Goodreads helps you keep track of books you want to read.
Start by marking “Why Jane Austen?” as Want to Read:
Why Jane Austen?
Enlarge cover
Rate this book
Clear rating
Open Preview

Why Jane Austen?

3.56 of 5 stars 3.56  ·  rating details  ·  71 ratings  ·  18 reviews
From the first publication of "Pride and Prejudice" to recent film versions of her life and work, Jane Austen has continued to provoke controversy and inspire fantasies of peculiar intimacy. Whether celebrated for her realism, proto-feminism, or patrician gentility, imagined as a subversive or a political conservative, Austen generates passions shaped by the ideologies and ...more
Hardcover, 285 pages
Published June 16th 2011 by Columbia University Press (first published April 5th 2011)
more details... edit details

Friend Reviews

To see what your friends thought of this book, please sign up.

Reader Q&A

To ask other readers questions about Why Jane Austen?, please sign up.

Be the first to ask a question about Why Jane Austen?

What Jane Austen Ate and Charles Dickens Knew by Daniel PoolA Truth Universally Acknowledged by Susannah CarsonTea with Jane Austen by Kim WilsonJane Austen's Letters by Jane AustenThe Real Jane Austen by Paula Byrne
Jane Austen and her world
37th out of 45 books — 17 voters
Pretty Little Liars by Sara ShepardGetting Revenge on Lauren Wood by Eileen CookFake Boyfriend by Kate BrianAnatomy of a Boyfriend by Daria SnadowskyFlawless by Sara Shepard
Dolls / Barbies
59th out of 61 books — 11 voters


More lists with this book...

Community Reviews

(showing 1-29 of 437)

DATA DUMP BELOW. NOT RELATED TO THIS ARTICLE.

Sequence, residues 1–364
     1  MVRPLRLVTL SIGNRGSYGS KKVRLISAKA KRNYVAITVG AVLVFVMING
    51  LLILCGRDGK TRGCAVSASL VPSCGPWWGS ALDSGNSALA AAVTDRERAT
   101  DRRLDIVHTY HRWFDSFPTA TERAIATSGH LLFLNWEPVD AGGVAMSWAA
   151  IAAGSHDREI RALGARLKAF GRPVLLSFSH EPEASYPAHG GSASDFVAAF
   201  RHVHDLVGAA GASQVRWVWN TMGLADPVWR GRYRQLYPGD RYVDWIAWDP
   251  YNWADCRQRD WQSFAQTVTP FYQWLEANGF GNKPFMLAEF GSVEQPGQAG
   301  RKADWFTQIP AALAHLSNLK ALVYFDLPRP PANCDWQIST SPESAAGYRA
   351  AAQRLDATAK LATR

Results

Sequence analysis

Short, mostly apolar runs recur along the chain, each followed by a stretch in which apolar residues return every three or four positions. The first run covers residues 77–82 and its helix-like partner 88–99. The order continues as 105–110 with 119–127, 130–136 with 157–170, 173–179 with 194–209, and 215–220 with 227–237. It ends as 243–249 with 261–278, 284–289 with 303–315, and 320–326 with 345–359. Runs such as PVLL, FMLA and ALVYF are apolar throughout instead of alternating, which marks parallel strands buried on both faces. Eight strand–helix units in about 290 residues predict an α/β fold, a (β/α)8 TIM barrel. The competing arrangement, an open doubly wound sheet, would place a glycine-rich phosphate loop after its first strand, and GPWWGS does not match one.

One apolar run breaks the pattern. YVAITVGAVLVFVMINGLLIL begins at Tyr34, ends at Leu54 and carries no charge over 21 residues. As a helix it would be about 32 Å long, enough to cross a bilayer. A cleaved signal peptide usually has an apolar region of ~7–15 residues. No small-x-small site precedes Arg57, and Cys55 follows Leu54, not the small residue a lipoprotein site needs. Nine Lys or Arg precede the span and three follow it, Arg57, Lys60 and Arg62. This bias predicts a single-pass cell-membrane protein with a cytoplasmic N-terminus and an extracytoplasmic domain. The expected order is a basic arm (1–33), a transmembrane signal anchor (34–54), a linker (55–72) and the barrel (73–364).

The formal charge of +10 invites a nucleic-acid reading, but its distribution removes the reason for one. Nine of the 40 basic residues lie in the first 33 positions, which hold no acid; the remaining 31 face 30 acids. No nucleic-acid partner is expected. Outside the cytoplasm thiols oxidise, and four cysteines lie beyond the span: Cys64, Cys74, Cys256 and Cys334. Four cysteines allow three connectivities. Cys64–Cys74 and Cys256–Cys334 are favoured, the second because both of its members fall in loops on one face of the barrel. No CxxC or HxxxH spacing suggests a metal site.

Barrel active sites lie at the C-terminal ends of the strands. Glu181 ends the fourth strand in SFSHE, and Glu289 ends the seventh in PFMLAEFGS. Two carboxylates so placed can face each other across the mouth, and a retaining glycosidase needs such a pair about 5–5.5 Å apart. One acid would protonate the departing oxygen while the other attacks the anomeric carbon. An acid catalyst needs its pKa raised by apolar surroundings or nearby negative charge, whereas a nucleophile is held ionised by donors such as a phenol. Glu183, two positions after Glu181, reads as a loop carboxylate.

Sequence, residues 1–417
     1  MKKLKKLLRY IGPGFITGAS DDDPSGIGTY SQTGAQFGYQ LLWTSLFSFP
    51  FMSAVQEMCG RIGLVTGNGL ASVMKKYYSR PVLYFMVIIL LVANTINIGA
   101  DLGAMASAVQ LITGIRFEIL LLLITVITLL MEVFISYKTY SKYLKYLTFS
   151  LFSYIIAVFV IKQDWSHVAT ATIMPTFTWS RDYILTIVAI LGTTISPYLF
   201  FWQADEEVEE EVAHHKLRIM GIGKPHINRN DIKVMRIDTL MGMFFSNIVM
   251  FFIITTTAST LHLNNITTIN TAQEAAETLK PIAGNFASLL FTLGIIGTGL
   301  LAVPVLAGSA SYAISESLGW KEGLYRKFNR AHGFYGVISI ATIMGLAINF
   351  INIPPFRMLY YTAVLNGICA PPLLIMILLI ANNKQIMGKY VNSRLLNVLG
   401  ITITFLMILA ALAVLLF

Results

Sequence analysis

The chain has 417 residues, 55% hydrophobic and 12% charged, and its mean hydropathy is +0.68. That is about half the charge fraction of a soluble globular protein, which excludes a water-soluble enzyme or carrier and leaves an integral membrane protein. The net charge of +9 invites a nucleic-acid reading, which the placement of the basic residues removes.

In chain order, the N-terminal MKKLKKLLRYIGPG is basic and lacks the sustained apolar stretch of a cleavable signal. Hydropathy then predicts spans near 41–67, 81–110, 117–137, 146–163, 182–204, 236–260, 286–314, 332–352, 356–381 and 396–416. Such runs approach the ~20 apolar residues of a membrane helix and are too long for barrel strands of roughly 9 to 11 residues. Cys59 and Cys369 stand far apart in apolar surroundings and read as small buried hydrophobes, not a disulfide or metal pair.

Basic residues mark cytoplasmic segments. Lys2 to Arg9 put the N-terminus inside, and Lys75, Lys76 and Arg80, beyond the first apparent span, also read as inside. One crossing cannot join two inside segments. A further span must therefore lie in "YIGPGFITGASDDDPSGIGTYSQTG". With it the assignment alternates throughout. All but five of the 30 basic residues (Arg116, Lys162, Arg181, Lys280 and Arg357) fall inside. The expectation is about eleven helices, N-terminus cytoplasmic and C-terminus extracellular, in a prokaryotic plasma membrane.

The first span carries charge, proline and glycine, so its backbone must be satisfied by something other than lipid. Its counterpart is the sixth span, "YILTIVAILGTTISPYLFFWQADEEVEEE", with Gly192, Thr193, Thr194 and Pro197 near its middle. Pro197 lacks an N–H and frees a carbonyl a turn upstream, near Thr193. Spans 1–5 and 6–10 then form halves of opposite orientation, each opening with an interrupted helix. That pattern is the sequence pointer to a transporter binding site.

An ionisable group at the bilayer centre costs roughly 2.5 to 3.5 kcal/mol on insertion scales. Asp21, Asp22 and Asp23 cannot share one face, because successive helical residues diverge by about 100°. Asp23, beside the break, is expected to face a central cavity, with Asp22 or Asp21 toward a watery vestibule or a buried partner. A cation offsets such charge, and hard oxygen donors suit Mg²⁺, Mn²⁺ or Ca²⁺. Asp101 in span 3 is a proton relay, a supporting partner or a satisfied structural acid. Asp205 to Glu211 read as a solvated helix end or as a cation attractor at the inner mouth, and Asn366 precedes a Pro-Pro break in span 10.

filter  |  sort: default (?)  |  rating details
Kerri
Most frustrating to read in electronic form -- want access to footnotes/endnotes -- need hardcopy to mark-up and make notes.
Jessica Workman Holland (Tales Between the Pages)
Origianlly published at www.talesbetweenthepages.com

I tend to study early American women authors, but Jane Austen is a particular British favorite of mine. The problem with Austen is that the rest of the world is equally fascinated with her; there are SO many sequels, papers, and academic books written on her that the field of Austen studies should be saturated and in no need of further contributions. I expected Why Jane Austen? to be redundant and dull, but found that Brownstein actually accomp
...more
Kate Dana
I have to admit for all my love of Jane Austen I have never picked up a biography, except the ones in the front of her novels, which admittedly are brief. Yet, that doesn’t mean I don’t like the art of opposing viewpoints. It’s the one thing I miss about Graduate School----the critical analysis. When the opportunity to read and review Rachel M Brownstein’s Why Jane Austen?, I jumped at the chance.

This book fed my academic loving heart. Miss Brownstein takes a critical look at what draws us to Ja
...more
Christina (A Reader of Fictions)
In Why Jane Austen?, Brownstein successfully walks the line between readability and scholarship. She clearly discusses topics with an academic's eye, but the writing is not dense, difficult to understand or boring. There is some possibility that this book will be more meaningful to those who already have a familiarity with Jane Austen's work, but it could also be useful for those who have steered clear of her work but want a working knowledge of her works and life.

My only criticism of Why Jane A
...more
Sunshine
I read this book over Christmas break in between semesters, and it was the most perfect timing because I felt like I was the student again instead of the professor!

It gave me a sense of nostalgia for graduate school: the precision of word choice, the clarity of solid, yet elegant sentence structure, and the perennial need for fresh insight. In particular, I drank up the portions where Brownstein wrote about her own messy teaching in attempting to make Emma, Fanny Price, or Austen herself relevan
...more
Lisa Guidarini
I know what you're thinking... Another book about Jane Austen?! There's already been so much scholarship, she has her own society, legions of fans, and everyone with even a passing affection or admiration for her has already published a book about this much-beloved literary icon. So who is this woman that feels there's still more to say?

She's Rachel M. Brownstein, an English professor at the Brooklyn College of CUNY, who's published two previous books: Becoming a Heroine: Reading About Women in
...more
Maggie
Mar 23, 2013 Maggie added it